What’s our secret to having healthy trees for life?
Structural Pruning while they are young!
There are many reasons to prune trees. We prune to reduce hazards, improve tree health, improve our views, to clear branches off structures and to prune for shape and aesthetic reasons. One of the most important but often overlooked types of pruning is the structural pruning of trees. This is typically done in younger trees, usually within the first 15-25 years of a tree’s life. Structural pruning should be done regularly from the time the tree is planted until it reaches a circumference of 20”. Structural pruning allows us to train the tree and coach the tree to grow up with a strong branch structure. The goal of structural pruning is to promote one strong central leader in a tree with well-spaced branches. (View more here)
Structural pruning reduces the amount of hazards a tree will present later in life. Flaws such as co-dominant stems are eliminated. When one dominant trunk is established in a tree the likelihood of splitting and failure becomes greatly reduced. Structural pruning allows us to remove crossing and rubbing branches, preventing branch failure due to the decay caused when two branches rub together. It allows us to make sure branches that are not part of the permanent canopy don’t develop too fast and compete with permanent branches by growing upright or too large, and then selectively removing temporary branches at the right interval as the tree ages.
Creating one central leader is achieved through making heading cuts on branches that are developing at the same or greater rate as the main tree trunk. This forces the tree to direct carbohydrate production into the leader that has not been pruned. No branch should be allowed to me more than 50% the size of the main trunk. It is also important to suppress growth in branches with bark inclusions in their unions, as these branches are naturally very weak.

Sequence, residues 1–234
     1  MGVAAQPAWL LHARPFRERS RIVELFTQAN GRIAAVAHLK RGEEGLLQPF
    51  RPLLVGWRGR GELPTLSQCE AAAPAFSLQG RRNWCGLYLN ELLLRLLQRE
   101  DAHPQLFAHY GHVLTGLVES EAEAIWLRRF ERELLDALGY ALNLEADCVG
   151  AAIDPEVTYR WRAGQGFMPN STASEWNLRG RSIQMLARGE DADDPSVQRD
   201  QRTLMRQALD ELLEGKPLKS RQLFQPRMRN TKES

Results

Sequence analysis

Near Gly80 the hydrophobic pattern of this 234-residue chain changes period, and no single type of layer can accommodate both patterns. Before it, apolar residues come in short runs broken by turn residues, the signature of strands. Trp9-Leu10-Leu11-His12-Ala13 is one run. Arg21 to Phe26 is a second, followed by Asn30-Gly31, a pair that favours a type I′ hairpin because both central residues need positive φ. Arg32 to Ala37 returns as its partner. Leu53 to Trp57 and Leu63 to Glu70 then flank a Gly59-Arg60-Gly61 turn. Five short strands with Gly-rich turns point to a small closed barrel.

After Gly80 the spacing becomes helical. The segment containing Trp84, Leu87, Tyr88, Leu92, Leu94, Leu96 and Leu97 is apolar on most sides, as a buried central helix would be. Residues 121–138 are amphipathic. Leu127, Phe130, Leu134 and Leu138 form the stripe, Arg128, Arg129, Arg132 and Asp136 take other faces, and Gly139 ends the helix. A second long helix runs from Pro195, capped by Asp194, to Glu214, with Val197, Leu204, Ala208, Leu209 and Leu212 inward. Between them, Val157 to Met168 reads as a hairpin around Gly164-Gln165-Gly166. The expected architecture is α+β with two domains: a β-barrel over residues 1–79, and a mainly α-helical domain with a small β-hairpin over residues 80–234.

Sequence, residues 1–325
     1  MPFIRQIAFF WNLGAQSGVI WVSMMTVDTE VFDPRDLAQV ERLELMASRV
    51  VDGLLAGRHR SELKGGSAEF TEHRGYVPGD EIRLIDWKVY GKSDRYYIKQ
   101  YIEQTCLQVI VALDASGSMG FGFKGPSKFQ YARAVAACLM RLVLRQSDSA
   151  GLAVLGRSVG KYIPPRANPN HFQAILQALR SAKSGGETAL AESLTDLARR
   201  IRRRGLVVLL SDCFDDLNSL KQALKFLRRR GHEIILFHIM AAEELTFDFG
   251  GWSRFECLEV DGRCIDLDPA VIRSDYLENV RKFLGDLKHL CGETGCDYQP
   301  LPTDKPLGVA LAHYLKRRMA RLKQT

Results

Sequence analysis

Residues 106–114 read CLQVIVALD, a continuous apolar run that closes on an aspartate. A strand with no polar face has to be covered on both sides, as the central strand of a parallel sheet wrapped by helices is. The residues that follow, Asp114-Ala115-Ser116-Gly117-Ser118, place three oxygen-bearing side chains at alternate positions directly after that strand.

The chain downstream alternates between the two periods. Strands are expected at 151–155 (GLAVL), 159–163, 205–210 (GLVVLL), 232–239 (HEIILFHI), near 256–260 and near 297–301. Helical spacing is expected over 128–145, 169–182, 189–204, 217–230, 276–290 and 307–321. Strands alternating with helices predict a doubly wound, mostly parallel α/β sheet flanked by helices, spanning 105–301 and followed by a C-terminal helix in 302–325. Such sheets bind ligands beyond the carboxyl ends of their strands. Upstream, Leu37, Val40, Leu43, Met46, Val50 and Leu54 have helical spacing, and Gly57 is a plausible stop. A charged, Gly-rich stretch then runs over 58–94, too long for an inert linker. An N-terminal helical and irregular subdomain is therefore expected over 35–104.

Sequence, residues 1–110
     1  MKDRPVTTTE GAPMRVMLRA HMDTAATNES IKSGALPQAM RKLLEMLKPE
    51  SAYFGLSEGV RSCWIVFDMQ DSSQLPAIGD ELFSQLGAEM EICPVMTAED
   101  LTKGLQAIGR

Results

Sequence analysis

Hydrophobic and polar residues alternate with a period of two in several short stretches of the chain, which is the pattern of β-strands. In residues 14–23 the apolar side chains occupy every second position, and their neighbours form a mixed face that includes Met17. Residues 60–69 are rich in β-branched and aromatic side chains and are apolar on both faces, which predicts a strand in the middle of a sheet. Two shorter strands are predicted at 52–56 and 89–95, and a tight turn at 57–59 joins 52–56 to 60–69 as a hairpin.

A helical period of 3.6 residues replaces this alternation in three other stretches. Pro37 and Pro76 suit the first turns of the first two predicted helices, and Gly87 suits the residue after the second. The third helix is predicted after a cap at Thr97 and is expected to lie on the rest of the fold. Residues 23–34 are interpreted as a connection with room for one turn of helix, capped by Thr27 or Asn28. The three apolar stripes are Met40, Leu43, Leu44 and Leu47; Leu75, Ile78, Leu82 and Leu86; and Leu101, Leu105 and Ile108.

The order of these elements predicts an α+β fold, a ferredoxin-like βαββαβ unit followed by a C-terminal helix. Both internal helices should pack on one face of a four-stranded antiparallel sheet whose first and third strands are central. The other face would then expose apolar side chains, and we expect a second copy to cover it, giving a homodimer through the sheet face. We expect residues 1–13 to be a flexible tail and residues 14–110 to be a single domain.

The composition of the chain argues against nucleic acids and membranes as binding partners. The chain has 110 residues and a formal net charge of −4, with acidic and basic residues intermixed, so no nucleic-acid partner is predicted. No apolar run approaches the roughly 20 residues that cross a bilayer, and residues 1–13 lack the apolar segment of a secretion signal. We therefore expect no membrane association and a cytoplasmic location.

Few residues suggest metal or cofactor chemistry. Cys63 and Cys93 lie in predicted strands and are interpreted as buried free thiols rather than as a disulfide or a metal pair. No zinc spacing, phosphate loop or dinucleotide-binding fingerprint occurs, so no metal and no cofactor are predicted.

Proper structural pruning reduces the maintenance needed when a tree is older. By promoting proper branching habits, the need for supplemental support systems is eliminated when a tree is fully developed. Making smaller cuts when a tree is younger, allows the tree to heal properly while it grows. Older trees are slower to heal, and the cuts needed to make corrections in older trees are generally larger and open a tree up to more decay and external vectors.
Remember to have a licensed arborist perform the structural pruning on your young trees. A good arborist will have extensive knowledge of how pruning affects a tree and will be able to achieve the desired results with ease. Having an untrained person perform the pruning will be more detrimental to the tree than if you simply didn’t prune it at all.